Lifeline or life risk: Working in an Amazon warehouse

When the California state college system shut down its campuses and moved classes online due to the coronavirus in March, rising junior Chad Ellis returned home to Charlotte, where he expected to finish his classes and hang out with friends and family.

Then, mega e-tailer Amazon announced plans to fill 100,000 positions across the U.S at fulfillment and distribution centers to handle the surge of online orders. A month later, the company said it needed another 75,000 positions just to keep up with demand. More than 1,000 of those jobs were added at the four Charlotte-area fulfillment centers. Amazon also announced it would raise the minimum wage from $15 to $17 per hour through the end of April.

Ellis, a marketing and communications major, applied and was hired right away to work in the fulfillment center on Charlotte’s west side near the Charlotte Douglas airport. He was thrilled to earn extra spending money while he was home and doing his schoolwork online. The work was easy but tedious: folding and taping boxes, filling orders and sorting packages. However, it didn’t take long for his glee to turn into worry for him and his parents.

“On the second day after I got there, a girl who had COVID was throwing up in the bathroom,” said Ellis “She didn’t want to go home and was still trying to stay at work. They finally just took her out.”

Amazon workers all across the country have complained about unsafe working conditions that left them vulnerable to the coronavirus. As consumers tried to minimize their own risk by shopping for everything from toilet paper to televisions without leaving home, Amazon workers were confronted with a choice: Does working for Amazon provide a lifeline or a life risk?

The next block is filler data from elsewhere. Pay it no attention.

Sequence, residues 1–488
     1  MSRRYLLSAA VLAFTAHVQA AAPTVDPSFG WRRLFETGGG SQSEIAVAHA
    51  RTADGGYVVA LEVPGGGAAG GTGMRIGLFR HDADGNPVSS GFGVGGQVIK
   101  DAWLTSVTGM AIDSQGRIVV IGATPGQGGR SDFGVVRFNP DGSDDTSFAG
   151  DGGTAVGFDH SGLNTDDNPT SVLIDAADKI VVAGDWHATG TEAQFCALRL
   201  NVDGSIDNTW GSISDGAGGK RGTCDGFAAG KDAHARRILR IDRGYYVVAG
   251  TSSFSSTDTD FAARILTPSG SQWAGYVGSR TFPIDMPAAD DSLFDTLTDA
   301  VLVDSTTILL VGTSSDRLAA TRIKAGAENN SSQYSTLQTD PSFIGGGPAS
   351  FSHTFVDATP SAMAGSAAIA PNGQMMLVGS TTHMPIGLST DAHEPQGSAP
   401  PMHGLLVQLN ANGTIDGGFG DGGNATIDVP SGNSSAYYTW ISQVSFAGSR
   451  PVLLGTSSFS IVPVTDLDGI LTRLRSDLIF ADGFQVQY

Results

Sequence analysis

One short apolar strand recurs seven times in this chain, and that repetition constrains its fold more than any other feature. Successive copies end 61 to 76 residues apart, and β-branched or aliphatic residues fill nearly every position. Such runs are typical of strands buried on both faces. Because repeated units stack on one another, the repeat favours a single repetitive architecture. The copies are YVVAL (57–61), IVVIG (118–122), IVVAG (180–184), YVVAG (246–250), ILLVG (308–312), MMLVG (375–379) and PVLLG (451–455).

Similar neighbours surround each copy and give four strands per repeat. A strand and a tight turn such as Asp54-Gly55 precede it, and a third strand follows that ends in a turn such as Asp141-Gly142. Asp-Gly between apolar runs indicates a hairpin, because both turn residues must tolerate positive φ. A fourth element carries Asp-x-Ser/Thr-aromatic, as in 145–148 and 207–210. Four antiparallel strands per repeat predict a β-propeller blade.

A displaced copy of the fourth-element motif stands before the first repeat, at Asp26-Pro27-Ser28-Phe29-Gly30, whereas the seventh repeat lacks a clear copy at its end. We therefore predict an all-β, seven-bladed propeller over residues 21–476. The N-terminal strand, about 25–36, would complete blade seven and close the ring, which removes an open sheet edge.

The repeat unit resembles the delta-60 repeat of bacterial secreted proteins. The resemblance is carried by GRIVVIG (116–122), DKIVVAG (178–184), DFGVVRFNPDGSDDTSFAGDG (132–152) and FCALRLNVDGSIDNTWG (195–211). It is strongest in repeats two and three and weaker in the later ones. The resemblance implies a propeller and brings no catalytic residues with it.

The coronavirus begins to spread

By mid-April, there were seven known cases of employees in Amazon’s Charlotte-area warehouses testing positive for COVID-19. At the time, spokeswoman Alyssa Bronikowski told the Charlotte Observer that the company was “following guidelines from health officials and medical experts, and taking extreme measures to ensure the safety of employees at our site.

An April 2 statement on the company website laid out its newly implemented safety measures, including maintaining social distance at centers, increased cleanings at facilities, and making masks available to all employees. The facilities also implemented daily temperature checks for all employees. Anyone with a temperature above 100.4 degrees would be sent home.

While it sounds good, Ellis says it didn’t really work that way in practice. Each day, when he arrived for his 7:30 a.m. to 6 p.m. shift, he was immediately instructed to don his mask. If he didn’t have one, Amazon would provide one. To enter the warehouse, he passed through a system that automatically checked his body temperature. But once on the packing line, nobody bothered to enforce safety precautions.

“Plenty of people had masks, but they weren’t wearing them. And once they did get past the front line of checking in, nobody was checking to make sure,” said Ellis. “I was working next to a woman who had a mask but wore it below her chin. I was like ‘seriously, what is the point?’”

Since masks mainly guard against potentially spreading infection to others, Ellis was annoyed that, while he was diligent about protecting others, many of his co-workers didn’t reciprocate.

The article was published at Lifeline or life risk: Working in an Amazon warehouse.

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